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Paperback Writer

A well accomplished writer, P.S. had so many stories to tell, we had to give him his own space. Enjoy this new style of blog meets fiction!

Wednesday, October 24, 2007

P.S Gifford's webpage

Perception

By P.S. Gifford

The grey walled, windowless, auditorium, full of first year fidgety psychology students, went silent as the lights were dimmed.

Professor Henderson, standing behind a podium at the front of the class, cleared his throat into the microphone, which echoed through the room. A hundred pairs of young eyes idly observed the thin aging man standing in front of them. He was dressed in an ill fitting pair of trousers,-pulled up a good inch higher than they should be- a faded blue shirt and a tattered brown tweed jacket with leatherette patches sewn onto the elbows.

“Now class,” he said firmly into the microphone with confidence not befitting his shabby appearance.

“I want you the study the image I am about to present to you for precisely five minutes…And after that I am going to randomly pick three of you to tell me to describe the scene to me.”

With a flick of a dirty nailed finger, an image appeared onto the ten foot screen.
As the image appeared the class initially remained obediently silent. However after the first minute impatience of youth was beginning to manifest as hushed murmurs began to be heard…By the end of the five minutes the murmurs had manifested themselves into full blown conversation. Mr. Henderson, shaking his head with disapproval at his students, turned off the image.

“I must confess to being a little disappointed in you all,” he said making deliberate eye contact with certain key students he knew were the worst offenders. “I had hoped that you would have used that time appropriately and allowed your mind to formulate a solid image and opinion of that picture. You see things aren’t always as they first appear.”

He focused his attention on a pretty auburn haired girl sitting in the very front row, who was scribbling down notes as he spoke.

“Heather, would you care to stand up and tell everyone your thoughts on the image?”

Heather’s cheeks instantly went scarlet, and her eyes darted about her anxiously.

“Yes professor,” she said softly.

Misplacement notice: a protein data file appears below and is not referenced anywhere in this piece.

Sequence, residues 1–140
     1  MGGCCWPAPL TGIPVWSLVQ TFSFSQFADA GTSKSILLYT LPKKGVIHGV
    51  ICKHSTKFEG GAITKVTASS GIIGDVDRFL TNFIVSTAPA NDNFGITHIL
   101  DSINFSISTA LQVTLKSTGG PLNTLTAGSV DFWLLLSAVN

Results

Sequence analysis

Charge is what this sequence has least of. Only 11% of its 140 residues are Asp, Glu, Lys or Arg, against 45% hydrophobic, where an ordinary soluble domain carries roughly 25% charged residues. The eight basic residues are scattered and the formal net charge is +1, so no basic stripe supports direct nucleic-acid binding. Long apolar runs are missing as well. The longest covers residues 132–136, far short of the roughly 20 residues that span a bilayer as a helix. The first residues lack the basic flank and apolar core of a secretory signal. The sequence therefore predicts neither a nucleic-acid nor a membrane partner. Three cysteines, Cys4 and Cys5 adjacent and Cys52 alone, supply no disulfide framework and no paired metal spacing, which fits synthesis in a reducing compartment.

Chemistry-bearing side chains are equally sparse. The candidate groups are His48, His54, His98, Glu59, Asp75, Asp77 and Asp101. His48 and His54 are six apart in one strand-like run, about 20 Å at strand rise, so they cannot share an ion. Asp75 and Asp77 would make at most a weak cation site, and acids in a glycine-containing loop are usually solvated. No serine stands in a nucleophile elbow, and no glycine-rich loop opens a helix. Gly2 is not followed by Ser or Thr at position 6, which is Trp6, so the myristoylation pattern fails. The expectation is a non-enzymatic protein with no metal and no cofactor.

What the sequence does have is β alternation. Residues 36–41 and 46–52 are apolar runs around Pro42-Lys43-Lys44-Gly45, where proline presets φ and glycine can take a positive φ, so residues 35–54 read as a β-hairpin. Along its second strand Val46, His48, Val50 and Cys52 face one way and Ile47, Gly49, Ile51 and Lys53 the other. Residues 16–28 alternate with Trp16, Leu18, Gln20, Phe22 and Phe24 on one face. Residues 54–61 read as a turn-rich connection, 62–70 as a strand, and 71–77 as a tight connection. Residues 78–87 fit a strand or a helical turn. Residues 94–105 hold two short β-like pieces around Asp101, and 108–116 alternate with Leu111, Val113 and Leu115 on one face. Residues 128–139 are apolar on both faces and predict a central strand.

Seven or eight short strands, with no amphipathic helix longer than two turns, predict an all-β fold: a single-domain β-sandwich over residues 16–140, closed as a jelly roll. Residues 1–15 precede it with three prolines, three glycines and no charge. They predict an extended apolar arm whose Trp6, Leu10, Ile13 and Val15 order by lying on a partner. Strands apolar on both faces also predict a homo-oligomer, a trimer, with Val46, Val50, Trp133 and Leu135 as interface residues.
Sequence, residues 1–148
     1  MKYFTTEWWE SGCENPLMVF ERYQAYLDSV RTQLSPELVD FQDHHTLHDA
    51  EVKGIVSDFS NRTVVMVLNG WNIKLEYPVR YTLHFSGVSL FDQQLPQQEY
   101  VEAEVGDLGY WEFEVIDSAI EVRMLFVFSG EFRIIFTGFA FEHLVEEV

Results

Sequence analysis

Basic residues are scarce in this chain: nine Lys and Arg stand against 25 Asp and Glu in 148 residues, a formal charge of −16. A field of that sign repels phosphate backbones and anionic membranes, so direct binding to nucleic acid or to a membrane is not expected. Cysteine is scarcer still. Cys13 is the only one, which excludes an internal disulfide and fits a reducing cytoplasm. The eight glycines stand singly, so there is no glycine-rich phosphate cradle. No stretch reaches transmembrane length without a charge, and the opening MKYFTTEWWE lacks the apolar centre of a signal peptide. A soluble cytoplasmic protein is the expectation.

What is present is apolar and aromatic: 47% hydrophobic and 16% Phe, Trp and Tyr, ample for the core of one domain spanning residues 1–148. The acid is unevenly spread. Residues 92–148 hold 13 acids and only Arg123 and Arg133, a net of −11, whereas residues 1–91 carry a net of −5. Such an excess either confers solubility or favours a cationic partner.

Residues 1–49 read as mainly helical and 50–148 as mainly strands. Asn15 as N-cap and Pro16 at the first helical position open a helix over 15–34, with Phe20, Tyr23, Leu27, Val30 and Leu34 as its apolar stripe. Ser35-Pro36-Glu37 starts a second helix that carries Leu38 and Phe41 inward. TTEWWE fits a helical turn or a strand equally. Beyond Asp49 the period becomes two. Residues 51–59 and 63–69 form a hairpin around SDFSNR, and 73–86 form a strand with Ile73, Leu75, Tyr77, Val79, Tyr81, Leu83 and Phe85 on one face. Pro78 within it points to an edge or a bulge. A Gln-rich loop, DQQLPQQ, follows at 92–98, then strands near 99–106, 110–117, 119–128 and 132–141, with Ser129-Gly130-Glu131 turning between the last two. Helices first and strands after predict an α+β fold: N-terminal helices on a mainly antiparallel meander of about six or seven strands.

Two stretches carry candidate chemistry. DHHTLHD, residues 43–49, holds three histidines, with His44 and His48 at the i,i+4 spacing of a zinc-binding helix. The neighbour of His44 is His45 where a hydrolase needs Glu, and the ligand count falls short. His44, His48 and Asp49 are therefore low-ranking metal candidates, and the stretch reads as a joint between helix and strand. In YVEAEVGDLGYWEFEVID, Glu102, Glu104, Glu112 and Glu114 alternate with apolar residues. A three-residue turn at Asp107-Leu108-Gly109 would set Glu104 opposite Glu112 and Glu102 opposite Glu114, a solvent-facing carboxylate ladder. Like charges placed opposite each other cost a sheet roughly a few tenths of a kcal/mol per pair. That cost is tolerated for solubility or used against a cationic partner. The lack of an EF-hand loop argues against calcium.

“Speak up please Heather,” Professor Henderson prompted.

“Well,” she continued in a voice a little louder, which failed to conceal her nervousness, “the image was of a fox, chasing a small rodent of some sort over a snowy vista. It appeared as if the fox was gaining on the small animal, and was about to get itself a meal.”

“Very good Heather,” Professor Henderson said as he smiled at her. She squirmed at the attention and hung her head low.

“How about you Justin, right there on the back row…I am sure that you have thoughts on the image.”

“I sure do, “he said as a confident smirk came over his tanned healthy face. He stood up as he spoke. “The fox looked confident and strong, the way it’s back arched, the length of its stride…It knows that victory was in its grasp, and that he was soon to be rewarded with the taste of fresh blood.”

“Excellent Justin that was very perceptive off you, I am pleasantly surprised and impressed by your observations.

Justin gave a series of mock half bows before returning to his seat.

Professor Henderson’s eyes scanned the auditorium again, and the students tried desperately not to make eye contact with him.

“Julia,” he said finally. “What thoughts do you have on it?”

“I think the fox is horrible,” she said. “I have a pet rat at home, and I happen to know that they are wonderful creatures. I call her Sam, and she lights up as soon as I walk into my room. I take her out and play with her nightly. I think nature is horrible; survival of the fittest and all that...”

“I see,” Professor Henderson said. “Well perhaps I should play the entire scene that the still was taken from.”

Again he clicked on the machine-

Just about as the fox is about to pounce on the small rat, fifty or so much larger ones appear, and instantly took the fox down and began tearing away at his flesh with frenzied delight.

Distressed cries of alarm and disgust fill the auditorium, as well as a few howls of laughter.

Professor Henderson switched off the clip, and once more raised the lights.

He analyzed the startled faces with a satisfactory nod.

“You see students; you should never ever jump to conclusions. Often times what you are convinced that you are experiencing is not entirely as it seems. It also demonstrates tunnel vision…That poor fox was so focused on the small rodent, that he was completely unaware of his surroundings, and did not notice the oncoming pack, that the mouse had led him into to.”

Professor Henderson smiled and once more dimmed the light.

“So now with that in mind…Please study the next picture for five minutes and then again tell me what you see,” as he spoke an image of a glorious red sky filled the screen.

The end.

1 Comments:

Blogger Einhornin said...

It was too wise for me! I don't think I can ever look around being the fox, even if I know for sure that the pack of rats is awaiting me!

Nice piece again Paul.

cheers
Ida

12:45 PM, November 08, 2007  

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